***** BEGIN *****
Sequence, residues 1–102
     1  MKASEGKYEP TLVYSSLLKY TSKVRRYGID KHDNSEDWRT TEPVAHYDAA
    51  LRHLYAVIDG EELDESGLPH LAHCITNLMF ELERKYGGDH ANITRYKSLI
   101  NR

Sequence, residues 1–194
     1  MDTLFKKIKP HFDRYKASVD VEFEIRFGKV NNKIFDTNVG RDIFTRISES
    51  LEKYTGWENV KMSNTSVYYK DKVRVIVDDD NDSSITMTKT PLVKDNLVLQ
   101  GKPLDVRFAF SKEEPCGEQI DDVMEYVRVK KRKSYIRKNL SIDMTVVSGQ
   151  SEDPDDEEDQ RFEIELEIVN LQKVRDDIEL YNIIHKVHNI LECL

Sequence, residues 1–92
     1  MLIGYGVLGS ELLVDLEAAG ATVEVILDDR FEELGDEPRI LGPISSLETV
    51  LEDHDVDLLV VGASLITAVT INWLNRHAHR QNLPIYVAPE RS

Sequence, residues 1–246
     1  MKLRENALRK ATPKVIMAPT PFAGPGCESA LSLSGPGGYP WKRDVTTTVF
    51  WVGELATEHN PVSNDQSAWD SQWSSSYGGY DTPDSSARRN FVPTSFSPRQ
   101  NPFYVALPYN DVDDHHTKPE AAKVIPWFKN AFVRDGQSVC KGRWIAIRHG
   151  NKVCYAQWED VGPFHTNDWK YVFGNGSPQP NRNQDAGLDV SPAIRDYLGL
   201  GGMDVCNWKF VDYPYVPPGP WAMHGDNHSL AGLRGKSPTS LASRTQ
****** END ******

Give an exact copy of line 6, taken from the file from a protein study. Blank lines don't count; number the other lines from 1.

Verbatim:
     1  MDTLFKKIKP HFDRYKASVD VEFEIRFGKV NNKIFDTNVG RDIFTRISES